Will McMullen, founder of Bayou City, a private equity firm with $1 billion to deploy, and which has backed White Knight, said with all the focus on shale in recent years, it has become a crowded space.
"And we don't know where the price of oil is going to be in 10 years," he said, arguing that it is risky to favor shale based on a hope of longer-rate returns.
Petro River Oil, a small New York-based company traded over the counter, is reprocessing old data and making new underground maps in California to find overlooked crude. It recently scoured an old prospect near Bakersfield known as Sunset Boulevard, and found several additional oily zones to tackle this summer.
"We're taking new technology and going in and looking for what they missed," said Stephen Brunner, president of Petro River.
Mr. Brunner, who ran Constellation Energy Partners, a shale company that fracked in Oklahoma before Sanchez Energy Partners took it over in 2014, said he understands why many investors are drawn to shale: unlike conventional drilling, there's little risk of a dry hole.
Even so, he said Petro River's goal is to find untapped oil in old fields and get it out of the ground for roughly $20 a barrel, allowing the company to achieve as much as a 100% return in a year, at current prices.
Such investment looks attractive to some in light of the costs to lease shale land in places like the Permian Basin in Texas and New Mexico, which has topped $50,000 per acre.
But it is hard to generate huge-scale production picking over old fields, said Robert Clarke, an analyst with Wood Mackenzie.
"For a company looking to generate a return on capital the opportunity is tremendous," Mr. Clarke said. "But it can't move the production needle for a bigger company."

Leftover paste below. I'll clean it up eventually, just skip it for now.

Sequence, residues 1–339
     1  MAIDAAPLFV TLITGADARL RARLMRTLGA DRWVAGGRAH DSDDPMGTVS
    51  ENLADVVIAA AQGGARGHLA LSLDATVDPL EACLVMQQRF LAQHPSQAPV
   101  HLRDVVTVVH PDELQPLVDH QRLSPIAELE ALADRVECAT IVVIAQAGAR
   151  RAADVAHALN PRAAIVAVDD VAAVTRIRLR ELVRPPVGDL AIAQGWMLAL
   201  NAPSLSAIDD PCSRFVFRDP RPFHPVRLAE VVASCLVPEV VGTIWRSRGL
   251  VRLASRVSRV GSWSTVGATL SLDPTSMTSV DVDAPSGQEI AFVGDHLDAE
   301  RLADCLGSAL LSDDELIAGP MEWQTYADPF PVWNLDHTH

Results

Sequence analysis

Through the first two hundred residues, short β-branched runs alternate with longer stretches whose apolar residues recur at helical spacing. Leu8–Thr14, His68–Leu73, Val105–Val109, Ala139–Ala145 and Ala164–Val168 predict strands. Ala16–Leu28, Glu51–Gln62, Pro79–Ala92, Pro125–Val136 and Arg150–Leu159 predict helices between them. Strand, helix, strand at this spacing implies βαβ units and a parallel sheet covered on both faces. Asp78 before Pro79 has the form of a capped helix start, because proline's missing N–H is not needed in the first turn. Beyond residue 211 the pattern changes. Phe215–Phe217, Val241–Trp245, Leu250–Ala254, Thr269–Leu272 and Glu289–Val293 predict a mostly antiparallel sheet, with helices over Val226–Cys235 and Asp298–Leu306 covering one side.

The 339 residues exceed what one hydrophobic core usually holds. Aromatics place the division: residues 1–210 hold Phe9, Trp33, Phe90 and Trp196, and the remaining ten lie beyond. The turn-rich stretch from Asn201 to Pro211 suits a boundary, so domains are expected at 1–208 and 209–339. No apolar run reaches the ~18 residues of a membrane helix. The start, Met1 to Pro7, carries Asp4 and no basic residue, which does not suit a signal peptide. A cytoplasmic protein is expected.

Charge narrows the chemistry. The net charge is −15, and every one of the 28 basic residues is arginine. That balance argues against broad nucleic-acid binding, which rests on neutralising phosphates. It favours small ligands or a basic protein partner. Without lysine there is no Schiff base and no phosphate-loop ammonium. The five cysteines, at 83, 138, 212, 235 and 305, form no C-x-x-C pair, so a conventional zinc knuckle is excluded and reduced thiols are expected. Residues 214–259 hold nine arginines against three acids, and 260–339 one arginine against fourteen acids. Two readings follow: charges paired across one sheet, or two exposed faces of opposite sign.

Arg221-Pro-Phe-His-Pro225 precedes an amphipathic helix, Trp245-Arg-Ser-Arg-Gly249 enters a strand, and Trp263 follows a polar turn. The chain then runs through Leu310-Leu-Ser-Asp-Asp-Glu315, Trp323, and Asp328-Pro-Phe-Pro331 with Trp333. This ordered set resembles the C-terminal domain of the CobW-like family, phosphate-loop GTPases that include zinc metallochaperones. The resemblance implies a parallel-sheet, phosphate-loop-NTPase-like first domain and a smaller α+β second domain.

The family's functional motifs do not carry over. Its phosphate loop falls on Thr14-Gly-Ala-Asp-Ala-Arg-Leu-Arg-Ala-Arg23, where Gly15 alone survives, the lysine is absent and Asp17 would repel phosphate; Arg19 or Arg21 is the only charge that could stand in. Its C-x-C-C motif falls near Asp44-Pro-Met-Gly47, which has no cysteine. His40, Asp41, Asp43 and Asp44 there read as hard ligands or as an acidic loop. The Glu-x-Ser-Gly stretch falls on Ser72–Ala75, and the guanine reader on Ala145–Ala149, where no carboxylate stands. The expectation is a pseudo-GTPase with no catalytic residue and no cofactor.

Still, some big companies sense opportunity in older fields.
When Occidental Petroleum Corp. moved from California to Houston about three years ago, it spun off all its Golden State oil assets, forming California Resources Corp.
It is now the largest holder of mineral acreage in California with roughly 2.3 million net acres, since the big oil companies that once controlled most of California's oil sector, such as Chevron Corp. and Exxon Mobil Corp., moved on to major new discoveries in Africa and the Middle East decades ago.
The spinoff was saddled with debt from Occidental operations and didn't initially spend much on new wells. But this year, it is back to work in fields that have been pumped for nearly a century.
"The company is drilling deeper and using directional drilling to reach bypassed pay dirt," said Chief Financial Officer Mark Smith.
Many of its 8,800 existing wells can be retapped. Since the state already has an extensive network of pipelines and oil storage tanks, little new investment is needed.
California Resources estimates it has 700 million barrels of oil equivalent in the ground that is economic at about $30 a barrel.